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BRESLIN v. VORNADO

January 10, 1983

WILBUR F. BRESLIN and HENRY HANTGAN, individually, and t/a SOUTH-WHIT SHOPPING CENTER ASSOCIATES, a partnership, and BRESLIN REALTY NO. 3 CORP.
v.
VORNADO, INC.



The opinion of the court was delivered by: GREEN

 GREEN, J.

 Now before the court is defendant's motion for judgment on the pleadings, pursuant to Fed. R. Civ. P. 12(c). The question for determination is whether triable issues, sufficient to defeat this motion, exist in plaintiffs' claims for malicious prosecution and tortious interference with prospective business relations. Because I conclude that plaintiffs have failed to state a claim for malicious prosecution, I will grant judgment for defendant as to that portion of the complaint. However, I conclude that plaintiffs have stated a claim for tortious interference with prospective business relations. Accordingly, I will deny defendant's motion as to that claim.

 Plaintiffs allege that defendant instituted an action in the Philadelphia Court of Common Pleas aimed at stopping the development by plaintiffs of a shopping center, to be known as Whitman Plaza. This action was removed to the Federal Court for the Eastern District of Pennsylvania on October 26, 1979. Nevertheless, on November 2, 1979, defendant indexed a lis pendens in the Court of Common Pleas against the real estate on which the shopping center was to be developed.

 When filing the lis pendens, defendant asserted that it had entered into an oral contract with plaintiff Breslin No. 3 Corp. whereby the defendant would purchase a portion of the real estate and construct a Two Guys department store thereon. After the lis pendens was stricken for being filed in the wrong court, defendant reindexed the lis pendens in the federal court. On January 22, 1980, the Honorable Edward N. Cahn entered summary judgment for plaintiff Breslin No. 3 Corporation on the ground that the alleged oral agreement failed to satisfy the statute of frauds. Accordingly, Judge Cahn ordered the striking of the lis pendens.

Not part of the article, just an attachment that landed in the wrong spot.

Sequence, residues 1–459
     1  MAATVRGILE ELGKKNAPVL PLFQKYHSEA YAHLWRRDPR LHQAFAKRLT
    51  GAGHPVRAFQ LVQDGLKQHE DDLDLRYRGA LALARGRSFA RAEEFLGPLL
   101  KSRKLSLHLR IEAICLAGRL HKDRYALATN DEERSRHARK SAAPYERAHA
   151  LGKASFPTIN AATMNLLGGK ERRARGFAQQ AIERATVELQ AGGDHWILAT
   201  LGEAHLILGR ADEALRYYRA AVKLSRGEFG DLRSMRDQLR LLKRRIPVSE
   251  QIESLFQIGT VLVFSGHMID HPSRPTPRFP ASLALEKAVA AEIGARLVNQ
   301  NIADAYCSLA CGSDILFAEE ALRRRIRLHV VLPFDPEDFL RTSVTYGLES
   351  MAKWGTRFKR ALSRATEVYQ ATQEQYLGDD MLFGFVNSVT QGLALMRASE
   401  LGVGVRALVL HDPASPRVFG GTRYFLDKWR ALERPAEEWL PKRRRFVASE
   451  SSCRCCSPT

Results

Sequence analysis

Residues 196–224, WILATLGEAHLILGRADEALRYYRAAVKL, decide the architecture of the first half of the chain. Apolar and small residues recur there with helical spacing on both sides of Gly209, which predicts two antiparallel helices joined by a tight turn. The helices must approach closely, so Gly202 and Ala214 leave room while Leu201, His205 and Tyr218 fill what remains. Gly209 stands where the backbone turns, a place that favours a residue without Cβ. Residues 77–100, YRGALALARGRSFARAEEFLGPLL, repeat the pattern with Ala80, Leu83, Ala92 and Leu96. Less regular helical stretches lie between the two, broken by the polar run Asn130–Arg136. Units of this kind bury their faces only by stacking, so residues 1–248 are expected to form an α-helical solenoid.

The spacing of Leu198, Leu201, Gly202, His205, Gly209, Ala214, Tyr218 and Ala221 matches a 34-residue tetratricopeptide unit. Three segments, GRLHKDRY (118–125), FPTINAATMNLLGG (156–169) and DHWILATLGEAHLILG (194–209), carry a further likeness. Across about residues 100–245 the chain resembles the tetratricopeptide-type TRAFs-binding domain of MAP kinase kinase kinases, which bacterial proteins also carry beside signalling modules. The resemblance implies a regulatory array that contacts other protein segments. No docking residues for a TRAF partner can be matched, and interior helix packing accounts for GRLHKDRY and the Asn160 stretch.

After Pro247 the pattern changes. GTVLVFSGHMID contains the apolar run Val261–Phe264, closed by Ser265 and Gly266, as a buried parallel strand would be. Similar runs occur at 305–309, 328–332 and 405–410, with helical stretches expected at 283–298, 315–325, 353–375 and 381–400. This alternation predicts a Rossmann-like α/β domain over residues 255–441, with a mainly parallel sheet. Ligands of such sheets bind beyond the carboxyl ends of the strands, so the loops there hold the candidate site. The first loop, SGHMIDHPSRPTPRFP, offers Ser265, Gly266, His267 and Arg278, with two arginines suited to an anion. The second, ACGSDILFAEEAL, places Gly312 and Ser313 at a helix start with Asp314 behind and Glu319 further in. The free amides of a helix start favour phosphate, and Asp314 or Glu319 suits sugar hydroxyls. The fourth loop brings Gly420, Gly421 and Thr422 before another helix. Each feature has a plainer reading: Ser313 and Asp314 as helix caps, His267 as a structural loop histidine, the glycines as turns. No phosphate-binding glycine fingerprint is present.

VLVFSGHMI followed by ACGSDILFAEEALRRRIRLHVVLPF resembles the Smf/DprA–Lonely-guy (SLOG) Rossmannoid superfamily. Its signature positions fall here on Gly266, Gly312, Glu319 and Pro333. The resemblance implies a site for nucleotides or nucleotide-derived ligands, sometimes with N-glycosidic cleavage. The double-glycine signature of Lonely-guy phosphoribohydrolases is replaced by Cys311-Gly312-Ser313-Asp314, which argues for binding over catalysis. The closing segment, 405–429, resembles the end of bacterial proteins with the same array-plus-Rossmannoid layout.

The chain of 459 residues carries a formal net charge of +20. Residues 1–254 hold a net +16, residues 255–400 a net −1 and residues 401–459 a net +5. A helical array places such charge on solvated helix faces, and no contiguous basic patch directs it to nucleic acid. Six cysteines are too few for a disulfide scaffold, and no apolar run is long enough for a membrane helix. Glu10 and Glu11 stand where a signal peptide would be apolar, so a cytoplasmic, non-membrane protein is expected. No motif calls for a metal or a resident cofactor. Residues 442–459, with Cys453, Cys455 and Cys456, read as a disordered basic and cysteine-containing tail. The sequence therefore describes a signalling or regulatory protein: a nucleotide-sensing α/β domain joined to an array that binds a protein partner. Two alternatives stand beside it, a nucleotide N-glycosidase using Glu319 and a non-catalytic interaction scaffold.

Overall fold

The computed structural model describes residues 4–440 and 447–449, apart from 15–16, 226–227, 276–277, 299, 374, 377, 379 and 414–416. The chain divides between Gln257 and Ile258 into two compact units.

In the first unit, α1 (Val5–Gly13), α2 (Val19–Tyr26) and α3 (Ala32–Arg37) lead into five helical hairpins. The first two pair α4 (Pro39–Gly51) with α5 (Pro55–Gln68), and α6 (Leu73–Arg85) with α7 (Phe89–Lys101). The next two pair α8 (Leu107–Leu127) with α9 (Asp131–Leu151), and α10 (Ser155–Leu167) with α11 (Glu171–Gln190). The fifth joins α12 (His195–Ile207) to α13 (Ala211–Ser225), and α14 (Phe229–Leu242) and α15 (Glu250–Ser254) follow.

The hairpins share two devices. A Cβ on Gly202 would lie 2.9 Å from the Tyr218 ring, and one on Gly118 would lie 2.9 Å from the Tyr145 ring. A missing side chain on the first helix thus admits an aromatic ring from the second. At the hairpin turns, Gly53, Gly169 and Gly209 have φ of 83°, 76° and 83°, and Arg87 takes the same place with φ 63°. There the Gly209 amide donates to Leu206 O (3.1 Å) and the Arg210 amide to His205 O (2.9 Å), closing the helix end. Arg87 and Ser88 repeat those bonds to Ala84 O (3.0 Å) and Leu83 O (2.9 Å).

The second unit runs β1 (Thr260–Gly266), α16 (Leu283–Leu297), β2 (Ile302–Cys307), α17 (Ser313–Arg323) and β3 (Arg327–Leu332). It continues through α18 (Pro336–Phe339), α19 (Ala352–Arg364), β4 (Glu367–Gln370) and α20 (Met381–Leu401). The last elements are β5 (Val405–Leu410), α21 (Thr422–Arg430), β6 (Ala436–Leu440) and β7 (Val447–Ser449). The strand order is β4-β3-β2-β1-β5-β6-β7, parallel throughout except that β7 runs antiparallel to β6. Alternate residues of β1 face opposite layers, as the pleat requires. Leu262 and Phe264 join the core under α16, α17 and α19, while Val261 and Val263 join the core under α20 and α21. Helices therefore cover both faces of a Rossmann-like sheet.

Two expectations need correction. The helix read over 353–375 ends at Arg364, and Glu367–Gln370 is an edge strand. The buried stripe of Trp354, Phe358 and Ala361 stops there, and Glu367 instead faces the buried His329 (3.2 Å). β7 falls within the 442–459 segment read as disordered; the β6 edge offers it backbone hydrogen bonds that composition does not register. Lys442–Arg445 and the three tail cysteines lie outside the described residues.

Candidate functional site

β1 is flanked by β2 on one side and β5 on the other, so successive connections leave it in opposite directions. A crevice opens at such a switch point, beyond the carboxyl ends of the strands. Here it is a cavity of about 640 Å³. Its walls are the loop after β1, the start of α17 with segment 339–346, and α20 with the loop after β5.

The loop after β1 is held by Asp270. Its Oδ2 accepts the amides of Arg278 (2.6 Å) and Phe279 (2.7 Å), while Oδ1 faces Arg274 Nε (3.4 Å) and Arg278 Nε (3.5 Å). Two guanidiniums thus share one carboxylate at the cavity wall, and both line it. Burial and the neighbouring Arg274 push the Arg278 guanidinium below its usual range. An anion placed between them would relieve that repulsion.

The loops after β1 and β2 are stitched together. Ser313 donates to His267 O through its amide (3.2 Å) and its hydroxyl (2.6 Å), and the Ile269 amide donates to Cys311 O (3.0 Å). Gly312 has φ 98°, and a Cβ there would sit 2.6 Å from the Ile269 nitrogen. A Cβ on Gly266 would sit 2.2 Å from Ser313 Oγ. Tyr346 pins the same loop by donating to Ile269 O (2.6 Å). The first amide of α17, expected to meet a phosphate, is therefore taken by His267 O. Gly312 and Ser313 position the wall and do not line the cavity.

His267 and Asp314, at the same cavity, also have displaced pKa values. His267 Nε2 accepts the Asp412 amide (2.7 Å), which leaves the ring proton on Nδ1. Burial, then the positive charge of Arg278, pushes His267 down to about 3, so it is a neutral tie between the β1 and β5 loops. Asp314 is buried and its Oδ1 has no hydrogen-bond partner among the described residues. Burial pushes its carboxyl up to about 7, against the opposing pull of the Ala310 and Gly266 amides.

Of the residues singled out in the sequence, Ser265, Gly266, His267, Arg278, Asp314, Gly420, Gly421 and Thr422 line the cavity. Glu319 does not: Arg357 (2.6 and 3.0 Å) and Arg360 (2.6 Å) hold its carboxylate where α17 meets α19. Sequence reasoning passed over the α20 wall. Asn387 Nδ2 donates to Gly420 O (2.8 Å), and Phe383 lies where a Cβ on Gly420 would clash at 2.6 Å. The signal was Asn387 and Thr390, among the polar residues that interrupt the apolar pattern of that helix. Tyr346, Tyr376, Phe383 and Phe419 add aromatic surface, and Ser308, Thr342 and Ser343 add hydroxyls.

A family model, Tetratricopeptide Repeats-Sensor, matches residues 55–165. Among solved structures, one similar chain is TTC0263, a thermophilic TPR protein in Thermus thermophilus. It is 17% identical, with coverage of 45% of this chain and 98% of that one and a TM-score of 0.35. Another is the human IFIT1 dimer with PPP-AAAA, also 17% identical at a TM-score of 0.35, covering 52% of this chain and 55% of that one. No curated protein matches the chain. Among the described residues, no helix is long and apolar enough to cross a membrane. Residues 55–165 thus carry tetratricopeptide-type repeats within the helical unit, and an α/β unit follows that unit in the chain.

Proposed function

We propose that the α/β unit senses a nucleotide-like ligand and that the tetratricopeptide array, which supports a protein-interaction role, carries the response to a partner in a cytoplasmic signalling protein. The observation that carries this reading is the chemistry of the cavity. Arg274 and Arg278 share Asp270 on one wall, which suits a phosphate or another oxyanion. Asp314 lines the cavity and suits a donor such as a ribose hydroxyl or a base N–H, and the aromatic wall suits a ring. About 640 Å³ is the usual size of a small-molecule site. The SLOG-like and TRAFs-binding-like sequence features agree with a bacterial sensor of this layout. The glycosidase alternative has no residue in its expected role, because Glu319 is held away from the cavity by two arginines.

When adjudicating a case on the pleadings, the court must apply strict standards. First, "[a] court may not dismiss a claim on the pleadings unless no set of facts could be adduced to support the plaintiff's claim for relief." Bryson v. Brand Insulations, Inc., 621 F.2d 556, 559 (3d Cir. 1980), citing Conley v. Gibson, 355 U.S. 41, 2 L. Ed. 2d 80, 78 S. Ct. 99 (1957). Second, a court must "view the facts presented in the pleadings and the inferences to be drawn therefrom in the light most favorable to the non-moving party." Grant v. Erie Insurance Exchange, 542 F. Supp. 457, 467 (M.D. Pa. 1982); Alken v. Lerner, 485 F. Supp. 871, 873 (D.N.J. 1980), citing 5 C. Wright and A. Miller, Federal Practice and Procedure ยง 1368 (1969). We must analyze the parties' contentions from this perspective.

 I. Malicious Prosecution